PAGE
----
Bosnia and Herzegovina Financial Sector Report
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Bosnia and Herzegovina Financial Sector Report

Bosnia and Herzegovina Financial Sector Report

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    Bosnia and Herzegovina Financial Sector Report Bosnia and Herzegovina Financial Sector Report Document Transcript

    • UNITED STATES AGENCY FOR INTERNATIONAL DEVELOPMENT  SME Support Project  Expanding Access to Finance    Chris Barltrop, USAID/EGAT/EG  2/7/2008  Review of the key impediments to access to finance in Bosnia‐Herzegovina and recommendations for  elements to be included in the SME Support Project.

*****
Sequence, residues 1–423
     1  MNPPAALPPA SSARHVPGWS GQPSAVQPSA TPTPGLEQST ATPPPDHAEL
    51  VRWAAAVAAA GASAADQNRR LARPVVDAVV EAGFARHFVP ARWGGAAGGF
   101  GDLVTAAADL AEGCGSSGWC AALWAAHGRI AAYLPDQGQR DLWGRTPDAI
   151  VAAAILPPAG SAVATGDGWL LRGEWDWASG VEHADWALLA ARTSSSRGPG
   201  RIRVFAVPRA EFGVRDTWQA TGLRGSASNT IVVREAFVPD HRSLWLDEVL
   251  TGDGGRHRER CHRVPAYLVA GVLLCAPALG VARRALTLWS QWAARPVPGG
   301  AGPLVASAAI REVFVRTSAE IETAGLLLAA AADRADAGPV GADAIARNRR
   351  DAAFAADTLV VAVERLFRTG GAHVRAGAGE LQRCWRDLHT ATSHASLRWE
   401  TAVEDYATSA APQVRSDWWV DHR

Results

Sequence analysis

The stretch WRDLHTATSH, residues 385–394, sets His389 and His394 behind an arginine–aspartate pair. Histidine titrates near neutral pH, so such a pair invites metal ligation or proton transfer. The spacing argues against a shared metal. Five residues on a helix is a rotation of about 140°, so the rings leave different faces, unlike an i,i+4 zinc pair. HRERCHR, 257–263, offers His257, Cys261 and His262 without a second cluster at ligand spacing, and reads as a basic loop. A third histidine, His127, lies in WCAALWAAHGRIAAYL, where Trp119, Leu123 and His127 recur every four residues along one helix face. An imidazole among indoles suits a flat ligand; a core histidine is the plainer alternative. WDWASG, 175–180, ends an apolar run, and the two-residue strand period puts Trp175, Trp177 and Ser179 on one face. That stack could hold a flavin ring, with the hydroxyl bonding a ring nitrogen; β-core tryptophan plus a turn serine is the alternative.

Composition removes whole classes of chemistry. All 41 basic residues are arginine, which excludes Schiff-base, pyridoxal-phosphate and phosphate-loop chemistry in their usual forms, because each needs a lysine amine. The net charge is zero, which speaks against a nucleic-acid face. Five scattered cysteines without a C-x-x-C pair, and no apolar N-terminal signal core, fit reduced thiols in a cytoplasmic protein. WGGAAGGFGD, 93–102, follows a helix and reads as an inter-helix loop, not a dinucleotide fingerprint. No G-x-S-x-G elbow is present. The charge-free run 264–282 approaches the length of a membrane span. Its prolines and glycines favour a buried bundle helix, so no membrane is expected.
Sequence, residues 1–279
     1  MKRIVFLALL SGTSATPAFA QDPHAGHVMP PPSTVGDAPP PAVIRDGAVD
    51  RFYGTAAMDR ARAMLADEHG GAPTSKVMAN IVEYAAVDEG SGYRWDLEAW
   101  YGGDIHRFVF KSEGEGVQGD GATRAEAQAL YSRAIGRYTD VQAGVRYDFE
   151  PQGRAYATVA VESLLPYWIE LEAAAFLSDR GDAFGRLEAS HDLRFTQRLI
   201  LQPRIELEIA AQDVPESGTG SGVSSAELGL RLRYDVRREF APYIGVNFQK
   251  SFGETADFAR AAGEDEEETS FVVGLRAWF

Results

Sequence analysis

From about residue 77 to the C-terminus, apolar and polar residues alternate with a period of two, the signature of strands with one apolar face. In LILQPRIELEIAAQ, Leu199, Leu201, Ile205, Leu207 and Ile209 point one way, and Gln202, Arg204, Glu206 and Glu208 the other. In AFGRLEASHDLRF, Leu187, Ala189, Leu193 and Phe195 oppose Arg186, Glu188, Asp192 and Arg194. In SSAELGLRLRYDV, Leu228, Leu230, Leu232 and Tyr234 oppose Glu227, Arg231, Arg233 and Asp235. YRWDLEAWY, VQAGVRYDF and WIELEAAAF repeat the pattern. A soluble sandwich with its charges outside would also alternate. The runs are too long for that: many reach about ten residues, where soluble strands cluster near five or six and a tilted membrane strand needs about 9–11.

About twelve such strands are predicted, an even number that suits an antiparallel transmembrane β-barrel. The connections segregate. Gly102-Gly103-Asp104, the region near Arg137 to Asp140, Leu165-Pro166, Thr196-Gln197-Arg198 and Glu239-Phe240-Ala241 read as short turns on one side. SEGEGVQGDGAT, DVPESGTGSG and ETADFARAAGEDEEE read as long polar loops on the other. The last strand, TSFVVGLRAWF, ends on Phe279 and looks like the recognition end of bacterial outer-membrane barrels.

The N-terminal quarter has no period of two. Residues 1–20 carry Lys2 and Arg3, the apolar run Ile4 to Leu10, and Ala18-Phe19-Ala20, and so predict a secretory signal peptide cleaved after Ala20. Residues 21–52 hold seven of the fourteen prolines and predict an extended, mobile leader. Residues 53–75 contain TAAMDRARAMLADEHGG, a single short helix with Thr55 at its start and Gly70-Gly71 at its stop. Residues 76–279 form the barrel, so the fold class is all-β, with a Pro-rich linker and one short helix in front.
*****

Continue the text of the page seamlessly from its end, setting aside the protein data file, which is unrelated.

• Financial Sector Analysis February 2008 Bosnia-Herzegovina Contents  Contents........................................................................................................................................2  Development of the Financial Sector ............................................................................................3  Market Depth.............................................................................................................................3  Bank Capital Adequacy .............................................................................................................4  Profitability.................................................................................................................................5  Liquidity .....................................................................................................................................5  Key Market Constraints.................................................................................................................5  Credit Bureau ............................................................................................................................5  Leasing......................................................................................................................................6  Lending Practices......................................................................................................................8  3. Receivables Finance .........................................................................................................8  2. Pre-export Finance ............................................................................................................9  1. Inventory Finance ..............................................................................................................9  Cash Flow Lending ..............................................................................................................10  Equipment Finance..............................................................................................................10  Agricultural Finance .............................................................................................................10  Real Estate as Collateral.........................................................................................................11  Company Registration.............................................................................................................14  Financial Transparency ...........................................................................................................14  Business Planning...................................................................................................................15  Missing Middle.........................................................................................................................15  Expanding Access to Finance.....................................................................................................16  Discussants.................................................................................................................................19  2